Monday, March 20, 2017

Spring Break Pack Bust: 2016 Stadium Club

Well, since our quest to find a card shop in Hot Springs went belly-up, I ran into the Walmart here and snagged a pack of 2016 Stadium Club. I believe this is the first time I've even see these. They are certainly a throwback to the glory days of Stadium Club, and in this case, that's not a bad thing.

I love the full-card images and the photography on the cards. The subject matter is a matter of debate, for sure, but I guess so long as it is baseball, we're okay, right?

I didn't pull any current Indians players, but I did pull former Tribers and some stars/HOFers from days gone by. Excuse the image quality as I am posting these while sitting at the table in the "resort" room where my family is staying during our Spring Break.

*Note: The place we are staying deems itself a "resort," though I would argue it is a hotel that happens to be lakeside... Maybe that qualifies it as a resort... Story for another day.

Feeling like Yukon Cornelius... NOTHIN...

Welp, we headed out today and too a 2-mile hike through some trails at Lake Catherine, near Hot Springs, AR. Had a good time, and we older folks are feeling it for sure. Haha! After that, we headed out in search of the card shops...

Alas, "Legends and Heroes" is now ... er, defunct:

The only card shop that came up in searches was "Alternate Worlds Cards and Comics. It was in a strip mall at one point, but now none of the stores there are anything remotely close to a card shop.

And, so, it seems I will be buying cardboard from Walmart when we head out for snacks and sundries later. I was really hoping to have scored at least something from a LCS. It was not to be.

Spring Break for Tribecards!

One of the biggest advantages of being in education: Spring Break. My family and I are enjoying a few days together in Hot Springs, Arkansas during our Spring Break. Of course, I will be on the hunt for some cardboard goodness to bust open and share with you on here.

I've done some preliminary searches and have come up with two possible local card shops. The problem is that neither one appears to be currently interested in baseball cards according to online reviews and what little info I can find about them.

But, we shall see!

First up is Legends and Heroes Sports Cards, which seems to be renamed to CosmoToys. According to Google Maps, it seems to be located either in or near the "Central Station" marketplace building, which is basically an indoor flea market if memory serves.

The next possibility is a place called "Alternate Worlds Card and Comics." This is (or was) located in a shopping plaza with several stores arranged in something of a "U" shape. We used to call them "strip malls" when I was a kid growing up in Pittsburgh. Not sure what people call them these days - hahaha!

I will keep you posted and most likely end up with at least one pack/box from the local big box retailers they have in the area.

I am hoping to discover something off the beaten path. Wish me luck!

Monday, March 13, 2017

2008 UD Premier Stitches: Pronk and V-Mart In Stitches

For some reason I have yet to dare examine, I stopped putting my cards into binders in 2008. I have no logical explanation that comes to mind. I just quit putting cards I received into their corresponding binders that year. Instead, I now have boxes labeled with things like "TBF" or "TBC" on them.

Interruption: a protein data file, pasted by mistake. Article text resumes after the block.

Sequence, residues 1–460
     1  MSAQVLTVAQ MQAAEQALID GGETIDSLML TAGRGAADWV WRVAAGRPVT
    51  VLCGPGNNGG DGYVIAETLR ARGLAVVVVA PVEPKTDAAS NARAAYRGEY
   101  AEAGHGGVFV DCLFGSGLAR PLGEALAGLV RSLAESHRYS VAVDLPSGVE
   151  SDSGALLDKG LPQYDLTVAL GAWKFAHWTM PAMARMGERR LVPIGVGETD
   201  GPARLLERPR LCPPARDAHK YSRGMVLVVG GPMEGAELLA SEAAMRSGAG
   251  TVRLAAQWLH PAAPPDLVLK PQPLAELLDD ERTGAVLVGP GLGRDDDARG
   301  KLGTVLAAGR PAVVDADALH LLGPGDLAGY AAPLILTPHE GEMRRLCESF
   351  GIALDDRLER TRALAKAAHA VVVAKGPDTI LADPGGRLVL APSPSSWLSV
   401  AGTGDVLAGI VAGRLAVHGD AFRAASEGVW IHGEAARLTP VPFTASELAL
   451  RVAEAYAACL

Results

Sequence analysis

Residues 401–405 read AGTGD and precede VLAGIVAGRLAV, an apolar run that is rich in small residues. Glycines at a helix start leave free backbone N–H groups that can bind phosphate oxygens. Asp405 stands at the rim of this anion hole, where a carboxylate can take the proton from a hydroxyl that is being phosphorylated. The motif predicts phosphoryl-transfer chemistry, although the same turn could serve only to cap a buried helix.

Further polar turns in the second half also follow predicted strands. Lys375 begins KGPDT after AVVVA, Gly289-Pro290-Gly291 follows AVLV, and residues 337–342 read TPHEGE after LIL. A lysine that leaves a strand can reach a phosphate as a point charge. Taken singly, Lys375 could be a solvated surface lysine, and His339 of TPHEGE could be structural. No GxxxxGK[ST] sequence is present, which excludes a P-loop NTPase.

TBF means they have been entered into my database and are ready to be filed. Yes, that's right. I could simply move those cards from their boxes into the binders to which they belong. Alas, I have not done so. the other cards, "TBC," mean they are To Be Checked. That lets me know that I have not yet looked to see if those are doubles or not. I have TONS of those.

I digress... Often...

Today, we're looking at a pair of cards that actually DID make it into the 2008 binder. They are a couple of 2008 Upper Deck Premier Stitches:

The Pronk is pretty cool because it is a representation of the guy featured on the card. The Victor Martinez is cool, but, I mean, it's a Chief Wahoo logo. Upper Deck could commission someone to make a V-Mart on there? I dunno, maybe there is a version somewhere with his likeness.

In any case, I am generally not a fan of the manufactured patches. I like game-used. I don't know why it should matter. I mean, who thought of cutting up a jersey the dude wore in a game and stick into cards? I dunno, but really, that was a stroke of marketing genius...

I digress... Often..

Thursday, March 9, 2017

1960 Nu-Card Baseball Hi-Lites (Revisited)

I have four 1960 Nu-Card Baseball Hi-Lites cards in my collection. They are about the size of postcards and a decent card stock. I actually did a post about these back in 2009 (link at bottom of this post) which was then cross-posted to "Things Done With Cards."

So, if I already talked about these back in 2009, why bring them back out?  Well, in this post, I wanted to show all the cards I have in this set. In the other posts, I just showed off one or two.

As you can see, I have "Indians Take Bums," "Bob Feller Hurls 3rd No-Hitter of Career," "Colavito Hits Four Homers in One Game," and "Early Wynn Victory Crushes Yanks."

Here we have another example of non-Indians cards in my collection. The Early Wynn actually comes from his days with the Sox. So, why is it in my collection? To the best of my recollection, I bought the cards off eBay as a set and I believe they were sold as an Indians set. Honestly, until I scanned them in here for this post, I didn't even realize that Wynn wasn't in a Tribe uniform! Shows how observant I am, eh.

I did not show the backs of the cards in the other post. The backs feature a trivia question witht he answer printed upside down.

There were 72 cards in the whole set, and the checklist for them can be found here:

(The other post I did about these is here:

Tuesday, March 7, 2017

Accidental Bobble Head Collection